People are more connected digitally than ever before, thanks in no small part to the global pandemic, stay-at-home orders, and the shift to remote work versus in-person office spaces.
However, the lines between personal and professional life have blurred and screen time is up significantly as more and more people spend time online for not just work and virtual learning, but also for entertainment.
Several studies have found that adults spend an average of 11 hours per day staring at a screen. While some of that time is unavoidable for office workers, the hours of extra recreational screen time is not good for your overall health.
Even more alarming is what the Kaiser Family Foundation found: On average, kids ages 8 to 18 spend 7.5 hours in front of a screen for entertainment each day. This adds up to a whopping 114 full days out of the year.
Screen time, while it does keep us connected during this time of physical disconnect, is not all fun and games. In fact, there are several negative health effects of technology that you probably did not realize.
Let’s take a look at the psychological and physical health effects of technology, as well as how to create healthy screen time limits to avoid overuse.
From video chat features that help you stay connected with loved ones to online tools that make you more effective and efficient at your job, there is no denying that technology rules the world. There are many technologies we cannot do without and that make our lives much easier.
However, when we talk about screen time limits and the negative health effects of technology, we are referring to recreational screen time. Video games, social media, binge-watching TV shows, and the thousands of gaming apps on your phone are all forms of recreational screen time. Too much of this type of technology can significantly impact you mentally and psychologically.
Have you ever scrolled through Instagram and saw an influencer or friend whose life is so “put together” that it makes you second-guess your own? Whether you envy that person’s physical appearance and material items or that person’s ability to seemingly “juggle it all,” this can trigger negative emotions.
Research suggests that those who limit their time on social media are often happier than those who do not. People who were more prone to social comparison and had more negative social interactions online experienced higher levels of depression and anxiety.
Our recommendation? Take frequent breaks from social media and let yourself have a “social media detox” every now and then. This allows you to take a step back and appreciate what you do have rather than focus on or compare yourself to what you perceive others to have.
Playing video games and apps on your phone or watching TV is often a solo activity that isolates you from others. While we live in a time where you need to socially distance yourself from others, that does not mean you should isolate yourself entirely.
It is important to find ways to reduce these isolating activities and instead focus on other recreational activities that are safe and inclusive. While setting screen time limits is recommended, it is important to also help reduce the feeling of isolation when you are using technology and try to make it a virtual group activity.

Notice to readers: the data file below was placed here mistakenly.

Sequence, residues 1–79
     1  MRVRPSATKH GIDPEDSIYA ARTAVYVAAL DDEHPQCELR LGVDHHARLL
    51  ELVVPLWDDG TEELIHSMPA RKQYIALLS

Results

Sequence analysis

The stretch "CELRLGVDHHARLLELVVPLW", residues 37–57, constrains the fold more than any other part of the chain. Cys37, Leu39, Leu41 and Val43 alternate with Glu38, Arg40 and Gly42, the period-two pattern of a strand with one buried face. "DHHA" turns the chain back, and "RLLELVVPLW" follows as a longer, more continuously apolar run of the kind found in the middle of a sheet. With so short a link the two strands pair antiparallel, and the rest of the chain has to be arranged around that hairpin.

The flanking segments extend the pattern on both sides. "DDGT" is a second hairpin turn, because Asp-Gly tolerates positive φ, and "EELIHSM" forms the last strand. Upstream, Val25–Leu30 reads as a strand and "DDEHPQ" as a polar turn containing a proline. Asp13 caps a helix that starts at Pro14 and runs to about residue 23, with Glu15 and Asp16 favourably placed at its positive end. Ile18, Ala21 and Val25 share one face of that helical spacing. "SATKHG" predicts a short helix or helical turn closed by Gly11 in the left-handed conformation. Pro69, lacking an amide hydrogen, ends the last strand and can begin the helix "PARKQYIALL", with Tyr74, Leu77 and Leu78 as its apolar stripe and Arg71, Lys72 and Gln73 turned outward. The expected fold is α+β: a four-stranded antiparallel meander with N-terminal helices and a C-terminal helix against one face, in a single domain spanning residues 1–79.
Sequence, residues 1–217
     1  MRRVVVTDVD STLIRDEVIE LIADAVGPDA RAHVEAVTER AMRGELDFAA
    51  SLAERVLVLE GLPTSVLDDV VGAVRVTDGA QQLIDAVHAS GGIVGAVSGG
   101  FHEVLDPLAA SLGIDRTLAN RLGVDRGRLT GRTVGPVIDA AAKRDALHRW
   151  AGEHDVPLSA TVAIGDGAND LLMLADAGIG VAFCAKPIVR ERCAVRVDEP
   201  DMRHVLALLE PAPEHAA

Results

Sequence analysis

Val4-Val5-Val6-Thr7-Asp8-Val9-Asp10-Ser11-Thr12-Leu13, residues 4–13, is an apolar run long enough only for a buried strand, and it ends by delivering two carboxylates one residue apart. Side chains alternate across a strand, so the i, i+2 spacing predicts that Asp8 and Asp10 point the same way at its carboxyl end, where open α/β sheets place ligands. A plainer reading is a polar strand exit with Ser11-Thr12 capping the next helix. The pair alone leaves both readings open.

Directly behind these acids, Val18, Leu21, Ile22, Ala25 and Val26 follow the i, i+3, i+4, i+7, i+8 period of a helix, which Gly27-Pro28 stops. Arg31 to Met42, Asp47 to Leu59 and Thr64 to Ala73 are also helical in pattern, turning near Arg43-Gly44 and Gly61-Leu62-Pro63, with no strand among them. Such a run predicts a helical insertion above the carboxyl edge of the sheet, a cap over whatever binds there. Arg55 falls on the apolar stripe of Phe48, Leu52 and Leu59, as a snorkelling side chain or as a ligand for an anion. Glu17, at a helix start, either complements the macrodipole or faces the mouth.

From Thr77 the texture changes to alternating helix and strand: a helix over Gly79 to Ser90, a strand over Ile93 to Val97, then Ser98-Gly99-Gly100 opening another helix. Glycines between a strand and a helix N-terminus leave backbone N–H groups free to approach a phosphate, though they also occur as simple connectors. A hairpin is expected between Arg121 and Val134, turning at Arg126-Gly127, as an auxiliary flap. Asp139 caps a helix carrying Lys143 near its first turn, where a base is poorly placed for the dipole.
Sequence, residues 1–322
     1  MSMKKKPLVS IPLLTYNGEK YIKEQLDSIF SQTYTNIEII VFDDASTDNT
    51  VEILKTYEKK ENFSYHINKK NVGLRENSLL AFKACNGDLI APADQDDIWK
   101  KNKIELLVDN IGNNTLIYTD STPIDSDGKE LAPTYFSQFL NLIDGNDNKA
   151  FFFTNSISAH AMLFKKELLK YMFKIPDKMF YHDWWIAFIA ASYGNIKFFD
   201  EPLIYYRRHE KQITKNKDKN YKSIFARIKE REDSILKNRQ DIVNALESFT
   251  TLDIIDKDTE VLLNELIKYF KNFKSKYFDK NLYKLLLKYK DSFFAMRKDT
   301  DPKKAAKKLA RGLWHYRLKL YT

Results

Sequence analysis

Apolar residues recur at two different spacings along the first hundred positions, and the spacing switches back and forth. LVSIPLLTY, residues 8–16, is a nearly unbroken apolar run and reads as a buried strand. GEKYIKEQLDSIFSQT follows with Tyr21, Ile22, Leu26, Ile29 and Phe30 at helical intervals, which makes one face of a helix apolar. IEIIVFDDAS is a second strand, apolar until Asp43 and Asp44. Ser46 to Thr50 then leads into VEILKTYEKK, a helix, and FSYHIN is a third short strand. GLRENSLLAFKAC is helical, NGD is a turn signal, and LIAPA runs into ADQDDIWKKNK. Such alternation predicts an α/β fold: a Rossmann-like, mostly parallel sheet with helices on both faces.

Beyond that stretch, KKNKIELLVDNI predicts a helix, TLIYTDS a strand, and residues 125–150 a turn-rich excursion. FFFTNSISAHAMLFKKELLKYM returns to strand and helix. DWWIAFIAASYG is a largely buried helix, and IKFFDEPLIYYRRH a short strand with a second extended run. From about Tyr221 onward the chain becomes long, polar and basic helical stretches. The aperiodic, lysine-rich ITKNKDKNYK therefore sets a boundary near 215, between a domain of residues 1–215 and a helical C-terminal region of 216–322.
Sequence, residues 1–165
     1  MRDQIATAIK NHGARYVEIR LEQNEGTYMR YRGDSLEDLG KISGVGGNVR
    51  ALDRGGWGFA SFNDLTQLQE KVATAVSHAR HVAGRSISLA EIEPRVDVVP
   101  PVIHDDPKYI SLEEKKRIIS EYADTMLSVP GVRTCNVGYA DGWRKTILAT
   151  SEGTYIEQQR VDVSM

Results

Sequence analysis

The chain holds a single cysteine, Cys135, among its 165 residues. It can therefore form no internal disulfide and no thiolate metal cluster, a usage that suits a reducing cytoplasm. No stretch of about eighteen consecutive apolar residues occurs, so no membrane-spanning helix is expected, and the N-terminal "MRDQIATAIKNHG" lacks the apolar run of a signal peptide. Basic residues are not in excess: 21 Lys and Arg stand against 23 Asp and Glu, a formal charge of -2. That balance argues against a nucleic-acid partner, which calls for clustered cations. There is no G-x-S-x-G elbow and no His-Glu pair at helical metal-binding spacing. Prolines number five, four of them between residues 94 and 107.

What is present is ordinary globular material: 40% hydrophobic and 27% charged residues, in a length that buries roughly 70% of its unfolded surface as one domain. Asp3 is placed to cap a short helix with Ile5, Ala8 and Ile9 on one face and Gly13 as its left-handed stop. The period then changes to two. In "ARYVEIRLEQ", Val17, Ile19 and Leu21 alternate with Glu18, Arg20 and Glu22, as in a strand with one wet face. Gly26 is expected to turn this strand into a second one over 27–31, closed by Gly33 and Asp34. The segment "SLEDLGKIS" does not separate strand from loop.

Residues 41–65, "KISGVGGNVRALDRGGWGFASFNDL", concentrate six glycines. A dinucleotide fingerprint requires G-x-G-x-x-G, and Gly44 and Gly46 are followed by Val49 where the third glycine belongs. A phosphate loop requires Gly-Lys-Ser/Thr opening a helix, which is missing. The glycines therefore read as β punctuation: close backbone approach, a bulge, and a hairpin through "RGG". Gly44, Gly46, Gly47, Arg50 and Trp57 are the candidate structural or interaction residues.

Here are a few suggestions for making the most of your screen time:
There are ways to use technology to help you stay fit and active, but in most cases, technology is used in a very sedentary position in a chair, on a couch, or laying in bed. From the lack of physical activity to the strain on your eyes, there are several long-term negative health effects of technology.
Spending too much time online rather than going outdoors to enjoy nature, take walks, or exercise can lead to obesity, cardiovascular disease, and type 2 diabetes. As such, it is important to take breaks from sedentary technologies to help promote a more active lifestyle.
Here are a few suggestions to help you prioritize physical activity throughout your day:
For fun ideas on how to stay active, check out our blog 10 Fun Ways to Stay Active With Your Family at Home.
Handheld tablets, computers, and smartphones can hold your attention for long periods and are one of the leading causes of eye strain. Symptoms include blurred vision and dry eyes but eye strain can lead to pain in other areas of your body as well like your head, neck, or shoulders.
It is critical to take regular breaks away from the screen to mitigate eye strain, and see an optometrist for a checkup if you do experience these symptoms. The American Optometric Association recommends using the 20-20-20 rule when using a screen for longer periods of time. After every 20 minutes of using technology, take a 20-second break and look at something at least 20 feet away.
How do you limit your children’s screen time? First things first, say “no” to yourself. It’s time to lead by example. Setting screen time limits is not just something parents do for their kids, it’s something you need to do for yourself as an adult as well.
While there is no hard-and-fast rule on what screen time limits you need to set for yourself, there are several things you should do regularly to reduce the amount of time you do spend on electronic devices:
Screen time is not recommended for children up to 24 months of age, and kids ages 2 to 5 should spend no more than an hour per day using electronic devices.
For older children, it is up to the parent’s discretion how much screen time they should have, but always keep in mind their physical activity goals. The Centers for Disease Control recommends kids receive at least 60 minutes of physical activity each day, and setting screen time limits can help achieve this goal.
Do you need some creative ideas for entertaining your kids without using technology? Download our free Cheat Sheet!